A MATTER OF INTERPRETATION FEDERAL COURTS AND THE LAW THE UNIVERSITY CENTER FOR HUMAN VALUES SERIES

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A Matter Of Interpretation Federal Courts And The Law

Author : Antonin Scalia
ISBN : 9781400882953
Genre : Law
File Size : 40.13 MB
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We are all familiar with the image of the immensely clever judge who discerns the best rule of common law for the case at hand. According to U.S. Supreme Court Justice Antonin Scalia, a judge like this can maneuver through earlier cases to achieve the desired aim—"distinguishing one prior case on his left, straight-arming another one on his right, high-stepping away from another precedent about to tackle him from the rear, until (bravo!) he reaches the goal—good law." But is this common-law mindset, which is appropriate in its place, suitable also in statutory and constitutional interpretation? In a witty and trenchant essay, Justice Scalia answers this question with a resounding negative. In exploring the neglected art of statutory interpretation, Scalia urges that judges resist the temptation to use legislative intention and legislative history. In his view, it is incompatible with democratic government to allow the meaning of a statute to be determined by what the judges think the lawgivers meant rather than by what the legislature actually promulgated. Eschewing the judicial lawmaking that is the essence of common law, judges should interpret statutes and regulations by focusing on the text itself. Scalia then extends this principle to constitutional law. He proposes that we abandon the notion of an everchanging Constitution and pay attention to the Constitution's original meaning. Although not subscribing to the “strict constructionism” that would prevent applying the Constitution to modern circumstances, Scalia emphatically rejects the idea that judges can properly “smuggle” in new rights or deny old rights by using the Due Process Clause, for instance. In fact, such judicial discretion might lead to the destruction of the Bill of Rights if a majority of the judges ever wished to reach that most undesirable of goals. This essay is followed by four commentaries by Professors Gordon Wood, Laurence Tribe, Mary Ann Glendon, and Ronald Dworkin, who engage Justice Scalia’s ideas about judicial interpretation from varying standpoints. In the spirit of debate, Justice Scalia responds to these critics. Featuring a new foreword that discusses Scalia’s impact, jurisprudence, and legacy, this witty and trenchant exchange illuminates the brilliance of one of the most influential legal minds of our time.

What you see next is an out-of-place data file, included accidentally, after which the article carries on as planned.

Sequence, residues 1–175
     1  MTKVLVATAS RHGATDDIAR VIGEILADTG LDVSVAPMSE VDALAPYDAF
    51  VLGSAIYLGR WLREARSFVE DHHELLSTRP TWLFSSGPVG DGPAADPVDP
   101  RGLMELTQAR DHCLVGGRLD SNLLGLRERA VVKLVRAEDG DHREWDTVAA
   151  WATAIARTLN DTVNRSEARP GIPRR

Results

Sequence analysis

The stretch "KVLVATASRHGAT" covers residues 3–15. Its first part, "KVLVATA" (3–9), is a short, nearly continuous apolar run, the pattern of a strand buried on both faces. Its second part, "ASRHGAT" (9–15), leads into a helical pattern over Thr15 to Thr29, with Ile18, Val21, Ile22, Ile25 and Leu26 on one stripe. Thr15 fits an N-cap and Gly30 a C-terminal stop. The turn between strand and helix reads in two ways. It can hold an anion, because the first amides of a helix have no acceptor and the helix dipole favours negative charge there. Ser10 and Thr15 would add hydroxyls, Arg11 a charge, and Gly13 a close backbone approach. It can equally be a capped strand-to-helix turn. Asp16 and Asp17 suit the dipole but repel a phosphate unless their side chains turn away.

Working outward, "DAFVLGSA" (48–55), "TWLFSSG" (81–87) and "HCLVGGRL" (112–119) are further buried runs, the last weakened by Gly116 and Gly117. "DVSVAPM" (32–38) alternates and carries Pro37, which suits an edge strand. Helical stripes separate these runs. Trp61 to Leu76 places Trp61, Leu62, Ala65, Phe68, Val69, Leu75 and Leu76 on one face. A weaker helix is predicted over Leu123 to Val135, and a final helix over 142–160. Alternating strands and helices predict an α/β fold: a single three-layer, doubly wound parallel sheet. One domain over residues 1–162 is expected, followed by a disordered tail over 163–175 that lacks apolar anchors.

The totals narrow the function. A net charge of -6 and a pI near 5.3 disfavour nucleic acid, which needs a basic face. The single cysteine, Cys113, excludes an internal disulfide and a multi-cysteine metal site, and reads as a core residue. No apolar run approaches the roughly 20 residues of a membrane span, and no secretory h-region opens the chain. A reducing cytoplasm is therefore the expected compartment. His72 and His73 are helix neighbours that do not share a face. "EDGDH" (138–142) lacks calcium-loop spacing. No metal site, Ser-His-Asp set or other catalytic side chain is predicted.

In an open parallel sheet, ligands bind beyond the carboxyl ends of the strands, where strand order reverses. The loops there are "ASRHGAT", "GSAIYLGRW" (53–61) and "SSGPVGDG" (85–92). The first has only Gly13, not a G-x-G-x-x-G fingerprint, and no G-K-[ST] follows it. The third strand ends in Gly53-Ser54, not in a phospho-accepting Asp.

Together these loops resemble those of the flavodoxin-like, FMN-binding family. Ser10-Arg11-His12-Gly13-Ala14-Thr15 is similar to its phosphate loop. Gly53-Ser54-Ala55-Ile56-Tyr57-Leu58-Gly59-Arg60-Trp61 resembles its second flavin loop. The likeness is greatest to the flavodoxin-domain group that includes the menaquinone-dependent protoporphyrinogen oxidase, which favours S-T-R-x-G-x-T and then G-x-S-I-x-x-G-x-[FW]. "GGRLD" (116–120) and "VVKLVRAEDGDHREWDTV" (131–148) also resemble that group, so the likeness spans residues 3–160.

Category: Law

Foragers Farmers And Fossil Fuels

Author : Ian Morris
ISBN : 9781400865512
Genre : History
File Size : 84.88 MB
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Most people in the world today think democracy and gender equality are good, and that violence and wealth inequality are bad. But most people who lived during the 10,000 years before the nineteenth century thought just the opposite. Drawing on archaeology, anthropology, biology, and history, Ian Morris explains why. Fundamental long-term changes in values, Morris argues, are driven by the most basic force of all: energy. Humans have found three main ways to get the energy they need—from foraging, farming, and fossil fuels. Each energy source sets strict limits on what kinds of societies can succeed, and each kind of society rewards specific values. But if our fossil-fuel world favors democratic, open societies, the ongoing revolution in energy capture means that our most cherished values are very likely to turn out not to be useful any more. Foragers, Farmers, and Fossil Fuels offers a compelling new argument about the evolution of human values, one that has far-reaching implications for how we understand the past—and for what might happen next. Originating as the Tanner Lectures delivered at Princeton University, the book includes challenging responses by classicist Richard Seaford, historian of China Jonathan Spence, philosopher Christine Korsgaard, and novelist Margaret Atwood.